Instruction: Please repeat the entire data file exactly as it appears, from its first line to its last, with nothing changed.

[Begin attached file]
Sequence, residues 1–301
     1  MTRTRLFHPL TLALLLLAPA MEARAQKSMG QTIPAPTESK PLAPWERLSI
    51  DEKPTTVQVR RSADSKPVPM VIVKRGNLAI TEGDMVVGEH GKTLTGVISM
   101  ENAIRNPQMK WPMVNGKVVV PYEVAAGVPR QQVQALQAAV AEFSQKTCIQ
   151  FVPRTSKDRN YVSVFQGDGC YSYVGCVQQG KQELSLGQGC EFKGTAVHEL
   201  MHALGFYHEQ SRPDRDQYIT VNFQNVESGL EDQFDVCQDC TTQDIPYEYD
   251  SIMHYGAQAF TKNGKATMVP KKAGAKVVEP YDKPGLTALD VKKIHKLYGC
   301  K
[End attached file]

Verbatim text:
Sequence, residues 1–301
     1  MTRTRLFHPL TLALLLLAPA MEARAQKSMG QTIPAPTESK PLAPWERLSI
    51  DEKPTTVQVR RSADSKPVPM VIVKRGNLAI TEGDMVVGEH GKTLTGVISM
   101  ENAIRNPQMK WPMVNGKVVV PYEVAAGVPR QQVQALQAAV AEFSQKTCIQ
   151  FVPRTSKDRN YVSVFQGDGC YSYVGCVQQG KQELSLGQGC EFKGTAVHEL
   201  MHALGFYHEQ SRPDRDQYIT VNFQNVESGL EDQFDVCQDC TTQDIPYEYD
   251  SIMHYGAQAF TKNGKATMVP KKAGAKVVEP YDKPGLTALD VKKIHKLYGC
   301  K